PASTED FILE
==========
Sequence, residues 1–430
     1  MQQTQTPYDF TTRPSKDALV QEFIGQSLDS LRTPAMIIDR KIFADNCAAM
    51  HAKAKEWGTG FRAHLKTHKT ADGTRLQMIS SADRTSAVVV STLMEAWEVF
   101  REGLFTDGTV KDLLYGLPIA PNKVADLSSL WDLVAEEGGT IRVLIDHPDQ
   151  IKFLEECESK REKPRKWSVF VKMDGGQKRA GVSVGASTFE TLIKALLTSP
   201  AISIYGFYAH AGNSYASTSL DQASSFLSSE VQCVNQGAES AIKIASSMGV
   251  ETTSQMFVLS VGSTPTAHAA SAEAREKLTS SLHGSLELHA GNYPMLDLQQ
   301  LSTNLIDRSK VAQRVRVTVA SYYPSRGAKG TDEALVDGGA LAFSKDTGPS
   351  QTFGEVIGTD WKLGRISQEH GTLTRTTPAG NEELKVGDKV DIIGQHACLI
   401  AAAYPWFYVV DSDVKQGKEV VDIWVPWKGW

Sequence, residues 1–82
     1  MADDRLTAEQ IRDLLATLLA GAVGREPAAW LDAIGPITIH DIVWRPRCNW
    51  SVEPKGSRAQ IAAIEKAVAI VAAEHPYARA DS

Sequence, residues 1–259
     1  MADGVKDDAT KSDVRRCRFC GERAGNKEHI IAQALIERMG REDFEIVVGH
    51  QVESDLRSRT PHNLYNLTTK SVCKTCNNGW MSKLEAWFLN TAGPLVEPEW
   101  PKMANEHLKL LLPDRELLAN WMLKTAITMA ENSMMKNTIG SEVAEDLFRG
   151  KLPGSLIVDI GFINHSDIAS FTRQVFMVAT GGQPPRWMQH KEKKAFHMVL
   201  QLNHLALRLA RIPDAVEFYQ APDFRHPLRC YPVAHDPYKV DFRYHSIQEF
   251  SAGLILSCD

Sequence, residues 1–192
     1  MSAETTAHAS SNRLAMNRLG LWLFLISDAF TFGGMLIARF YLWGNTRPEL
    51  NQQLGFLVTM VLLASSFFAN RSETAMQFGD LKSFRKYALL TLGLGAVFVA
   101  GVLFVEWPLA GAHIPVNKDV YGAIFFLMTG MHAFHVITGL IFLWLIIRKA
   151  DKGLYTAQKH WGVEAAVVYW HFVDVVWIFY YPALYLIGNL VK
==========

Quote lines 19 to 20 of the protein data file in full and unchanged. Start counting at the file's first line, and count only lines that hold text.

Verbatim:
   201  QLNHLALRLA RIPDAVEFYQ APDFRHPLRC YPVAHDPYKV DFRYHSIQEF
   251  SAGLILSCD